College football: Pac-12 decides against expansion
The Utah Utes won't be acquiring new league rivals anytime soon, after the Pac-12 Conference decided late Tuesday not to expand, ending weeks of intense speculation about whether it would invite as many as four high-profile members of the Big 12 Conference and dramatically alter the landscape in college sports.
The surprising announcement came late Tuesday night, after league commissioner Larry Scott spoke with university presidents from around the league.
There was no need for a vote on whether to invite any of the Big 12 schools, sources said, because Scott and the presidents knew they ultimately did not want to move in that direction after a weekend meeting with officials from the University of Texas.
"I'm obviously supportive of what has happened," Utah athletic director Chris Hill said, "and we are very happy to be at 12" teams.
The decision means that Oklahoma and Texas the two driving forces in the expansion discussion, along with Oklahoma State and Texas Tech will have to find some other way to satisfy their interests, and could signal the survival of the presumed-dead Big 12.
Representatives of the rival schools will meet in the next few days to negotiate a deal that keeps both in the Big 12 for five years, according to The Associated Press.
One online site dedicated to the Brigham Young Cougars DeepShadesofBlue.com Â reported that if the Big 12 does stay together, the Cougars are "highly likely" to join it as a full member. The site quoted an anonymous source as saying BYU and the Big 12 were close to announcing a deal before Texas A&M announced plans to leave the Big 12, triggering a landslide of speculation about conference realignment and putting everything on hold.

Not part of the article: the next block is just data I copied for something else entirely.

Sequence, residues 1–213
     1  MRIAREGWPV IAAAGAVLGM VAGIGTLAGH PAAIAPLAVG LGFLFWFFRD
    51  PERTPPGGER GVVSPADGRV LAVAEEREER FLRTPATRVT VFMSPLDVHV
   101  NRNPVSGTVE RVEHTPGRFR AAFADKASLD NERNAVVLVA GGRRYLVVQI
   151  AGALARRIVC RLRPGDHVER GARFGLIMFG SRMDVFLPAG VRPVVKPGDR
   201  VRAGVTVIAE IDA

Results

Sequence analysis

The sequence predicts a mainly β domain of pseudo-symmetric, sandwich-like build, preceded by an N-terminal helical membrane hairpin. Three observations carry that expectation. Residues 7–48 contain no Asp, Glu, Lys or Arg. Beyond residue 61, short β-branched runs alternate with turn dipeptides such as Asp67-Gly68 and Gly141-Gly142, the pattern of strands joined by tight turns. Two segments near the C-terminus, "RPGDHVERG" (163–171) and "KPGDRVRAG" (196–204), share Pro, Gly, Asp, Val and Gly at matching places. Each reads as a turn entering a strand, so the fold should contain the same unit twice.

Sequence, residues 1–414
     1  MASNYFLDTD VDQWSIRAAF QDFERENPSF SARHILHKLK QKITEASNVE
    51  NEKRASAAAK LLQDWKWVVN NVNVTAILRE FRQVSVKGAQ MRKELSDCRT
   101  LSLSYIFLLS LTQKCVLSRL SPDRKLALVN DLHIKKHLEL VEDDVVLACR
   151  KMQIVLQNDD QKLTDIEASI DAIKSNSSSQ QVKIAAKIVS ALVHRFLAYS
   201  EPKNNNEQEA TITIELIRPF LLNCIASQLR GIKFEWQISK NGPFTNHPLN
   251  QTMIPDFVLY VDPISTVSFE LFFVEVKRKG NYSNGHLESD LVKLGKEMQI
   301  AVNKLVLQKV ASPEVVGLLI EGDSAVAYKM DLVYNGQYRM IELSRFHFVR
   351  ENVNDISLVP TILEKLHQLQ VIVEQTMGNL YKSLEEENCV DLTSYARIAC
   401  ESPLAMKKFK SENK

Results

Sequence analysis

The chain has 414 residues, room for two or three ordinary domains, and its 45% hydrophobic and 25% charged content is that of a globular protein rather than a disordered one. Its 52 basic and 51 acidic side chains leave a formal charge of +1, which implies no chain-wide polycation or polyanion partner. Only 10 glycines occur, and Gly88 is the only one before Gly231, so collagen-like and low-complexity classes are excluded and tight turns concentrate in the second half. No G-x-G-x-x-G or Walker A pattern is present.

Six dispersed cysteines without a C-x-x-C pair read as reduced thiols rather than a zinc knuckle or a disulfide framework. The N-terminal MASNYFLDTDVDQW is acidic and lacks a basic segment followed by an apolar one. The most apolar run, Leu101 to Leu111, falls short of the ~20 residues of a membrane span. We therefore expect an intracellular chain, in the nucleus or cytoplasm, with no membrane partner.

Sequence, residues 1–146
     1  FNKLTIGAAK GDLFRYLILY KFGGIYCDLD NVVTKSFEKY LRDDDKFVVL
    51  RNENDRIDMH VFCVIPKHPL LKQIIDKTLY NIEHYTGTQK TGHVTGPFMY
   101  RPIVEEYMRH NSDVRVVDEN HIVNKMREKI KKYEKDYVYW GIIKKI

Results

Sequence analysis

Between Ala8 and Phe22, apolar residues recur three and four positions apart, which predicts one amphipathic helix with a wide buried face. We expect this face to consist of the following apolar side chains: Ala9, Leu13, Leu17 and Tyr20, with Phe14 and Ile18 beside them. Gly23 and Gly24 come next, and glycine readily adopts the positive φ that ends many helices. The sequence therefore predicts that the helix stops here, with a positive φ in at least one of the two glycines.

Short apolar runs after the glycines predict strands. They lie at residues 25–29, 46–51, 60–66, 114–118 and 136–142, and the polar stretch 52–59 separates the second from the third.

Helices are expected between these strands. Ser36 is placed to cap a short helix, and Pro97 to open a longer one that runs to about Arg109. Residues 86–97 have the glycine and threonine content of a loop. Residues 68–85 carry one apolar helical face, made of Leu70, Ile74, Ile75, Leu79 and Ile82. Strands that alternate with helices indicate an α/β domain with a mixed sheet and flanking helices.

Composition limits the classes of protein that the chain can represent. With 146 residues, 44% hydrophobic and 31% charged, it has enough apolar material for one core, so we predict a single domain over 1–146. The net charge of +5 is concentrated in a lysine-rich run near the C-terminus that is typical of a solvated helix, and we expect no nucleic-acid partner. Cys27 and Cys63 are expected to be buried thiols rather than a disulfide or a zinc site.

In the end, the Pac-12 decided against expanding after Scott met with Longhorns officials in Los Angeles last weekend.
That's when sources said it became clear to the Pac-12 that it would not be able to incorporate the lucrative new Longhorn Network with the league's forthcoming Pac-12 Network in a way that was fair to the existing Pac-12 members.
In other words, it wouldn't work with Texas.
And though sources said the league considered inviting Oklahoma and Oklahoma State without the Texas schools, the Pac-12 decided that it would not receive enough new revenue from such a move split 14 ways, instead of just 12 to offset the increased scheduling challenges and increased travel costs that would accompany it.
"After careful review we have determined that it is in the best interests of our member institutions, student-athletes and fans to remain a 12-team conference," Scott said in a statement. "While we have great respect for all of the institutions that have contacted us, and certain expansion proposals were financially attractive, we have a strong conference structure and culture of equality that we are committed to preserve.
"With new landmark TV agreements and plans to launch our innovative television networks, we are going to focus solely on these great assets, our strong heritage and the bright future in front of us," Scott said.
It was not immediately known whether the Big 12 capitulated to Oklahoma's recent demands that commissioner Dan Beebe be removed in order for the Sooners to stay in the league, or whether it agreed to move toward a more equitable revenue sharing model as the Sooners also wanted.
The Orangebloods.com website dedicated to Texas athletics reported late Tuesday that other Big 12 schools have joined the Sooners in notifying Beebe that they want a change in leadership.